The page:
Secondary Logo

Journal Logo


Characterization of Prosthetic Liner Products for People with Transtibial Amputation

Cagle, John C. PhD; Hafner, Brian J. PhD; Taflin, Nicholas BS; Sanders, Joan E. PhD

Author Information
Journal of Prosthetics and Orthotics: October 2018 - Volume 30 - Issue 4 - p 187-199
doi: 10.1097/JPO.0000000000000205
  • Free
  • CME Test
  • Take This Quiz


Use of elastomeric or “gel” liners in prosthetics practice has become increasingly common, with recent data suggesting that practitioners select gel liners for approximately 85% of their prosthetic patients.1 To accommodate the clinical needs of a broad range of prosthetic limb users, liner manufacturers have created an array of different liner products. Although elastomeric liners are derived primarily from the same base materials (i.e., urethane, silicone, and thermoplastic elastomer [TPE]), differences in a liner’s chemical composition, shape, geometry, and manufacturing determine a liner’s overall performance. Presence of fabric backing, antibacterial additives, or features such as sealing sleeves, distal pads, or reinforcement can additionally affect mechanical performance of a liner. Given the number of variables that contribute to a liner’s design, it is not surprising that a large number of liner products are commercially available—a recent study identified more than 70 liner products on the market.2

Despite the availability of so many different liner products, a recent survey indicated that a typical practitioner chooses among only two or three products when selecting liners for his or her prosthetic patients.2 An explanation for such limited selection among many available options may be a lack of comparable, objective information about the similarities, and differences among liner products.3 Without information about how a new liner compares with the two or three familiar products, practitioners are hesitant to change. The same study found that only 33% of practitioners surveyed obtained information from scientific journals, whereas the majority sought information directly from manufacturers (94%) or clinical magazines (65%). These results suggest there is a need to distinguish liners and provide practitioners with practical information to help them identify products that best match individual patient needs.

The purpose of this research study was to characterize mechanical properties of commonly used prosthetic liner products and compare findings with previous liners characterized in the literature. We also evaluated the influence of design variables fabric backing and liner thickness on testing results. Selecting a liner for an individual patient may require the practitioner to optimize the most preferred property or identify a liner that exhibits a balance among several preferred properties.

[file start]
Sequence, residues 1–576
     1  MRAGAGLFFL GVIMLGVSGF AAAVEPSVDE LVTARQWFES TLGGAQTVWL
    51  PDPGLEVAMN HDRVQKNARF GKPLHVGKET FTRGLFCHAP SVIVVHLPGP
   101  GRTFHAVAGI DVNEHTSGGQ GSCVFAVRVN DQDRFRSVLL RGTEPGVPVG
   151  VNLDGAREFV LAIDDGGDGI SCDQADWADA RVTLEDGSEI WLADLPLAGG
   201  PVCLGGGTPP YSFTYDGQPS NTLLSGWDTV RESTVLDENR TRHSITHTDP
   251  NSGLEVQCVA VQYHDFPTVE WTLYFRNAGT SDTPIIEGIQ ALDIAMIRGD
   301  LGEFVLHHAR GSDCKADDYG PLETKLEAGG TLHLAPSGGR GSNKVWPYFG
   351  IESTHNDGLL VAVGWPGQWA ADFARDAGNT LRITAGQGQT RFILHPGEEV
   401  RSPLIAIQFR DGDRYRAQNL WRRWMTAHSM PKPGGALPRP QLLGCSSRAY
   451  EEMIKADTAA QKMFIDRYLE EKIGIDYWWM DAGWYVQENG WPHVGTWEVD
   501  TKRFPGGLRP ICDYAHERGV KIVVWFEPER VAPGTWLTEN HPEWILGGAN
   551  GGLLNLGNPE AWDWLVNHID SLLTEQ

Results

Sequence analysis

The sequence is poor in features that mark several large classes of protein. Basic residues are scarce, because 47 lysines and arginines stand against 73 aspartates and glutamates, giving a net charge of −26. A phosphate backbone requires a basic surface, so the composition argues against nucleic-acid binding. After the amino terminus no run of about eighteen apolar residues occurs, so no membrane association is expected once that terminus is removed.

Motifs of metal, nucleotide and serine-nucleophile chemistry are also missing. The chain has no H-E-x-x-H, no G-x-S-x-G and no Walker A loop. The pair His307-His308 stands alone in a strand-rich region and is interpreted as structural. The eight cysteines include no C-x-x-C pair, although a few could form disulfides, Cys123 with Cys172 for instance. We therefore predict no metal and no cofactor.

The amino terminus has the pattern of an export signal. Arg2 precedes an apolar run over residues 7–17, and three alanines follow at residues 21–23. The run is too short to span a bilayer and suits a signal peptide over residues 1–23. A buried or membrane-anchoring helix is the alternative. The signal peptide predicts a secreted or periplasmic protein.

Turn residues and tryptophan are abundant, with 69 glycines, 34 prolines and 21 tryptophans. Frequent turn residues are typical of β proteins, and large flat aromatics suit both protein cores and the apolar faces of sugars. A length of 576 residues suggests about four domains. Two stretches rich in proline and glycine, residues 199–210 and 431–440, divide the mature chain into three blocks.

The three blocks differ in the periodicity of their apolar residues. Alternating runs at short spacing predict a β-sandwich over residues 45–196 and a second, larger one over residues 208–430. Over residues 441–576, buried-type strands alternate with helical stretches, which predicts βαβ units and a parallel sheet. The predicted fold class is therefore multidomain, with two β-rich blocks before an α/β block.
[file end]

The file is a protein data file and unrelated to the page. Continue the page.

We compared commonly used, commercially available prosthetic liners across six material property tests. Compressive elasticity (CE) and shear elasticity tests were conducted to characterize each liner’s ability to distribute ambulatory loads during stance phase and couple the socket to the residual limb. Tensile elasticity tests were conducted to measure each liner’s resistance to axial stretching during the swing phase of gait. Coefficient of friction (CoF) tests were conducted to determine the degree to which each liner would adhere to a residual limb. Finally, thermal conductivity and volumetric elasticity (VE) tests were conducted to assess each liner’s accommodation to limb temperature increases and volume fluctuations, respectively. Development and validation of the liner material property tests used in this study are described in detail elsewhere.4 Brief description are included later.


The CE, shear elasticity, tensile elasticity, and VE tests were conducted with a material testing machine (MTM) (5944; Instron, Norwood, MA, USA) and custom test fixtures. Full-scale range of the MTM’s load cell was 1 to 500 N with a mean load measurement error of ±0.25% and a displacement error of ±0.005 mm.

CoF tests were conducted using a planar friction tester (PFT) (Advanced Friction Tester; Hanatek, East Sussex, United Kingdom). CoF test parameters were determined primarily from an American Society for Testing and Materials testing standard5; no custom fixtures were required. However, the PFT specimen sled was covered with a soft leather (Cream Cow; WBC Industries, Westfield, NJ, USA), which served as a skin surrogate and provided a physiologically meaningful contact surface. As configured, the PFT measured CoF with a repeatability of ±0.008.

Thermal conductivity was measured with a guarded heat flow meter (HFM) (Unitherm model 2022; Anter Corp, Pittsburgh, PA, USA). Similar to the CoF test, thermal conductivity test parameters were primarily determined by an American Society for Testing and Materials test standard,6 and no custom fixtures were required. Repeatability of the HFM was ±0.001 W/m·K.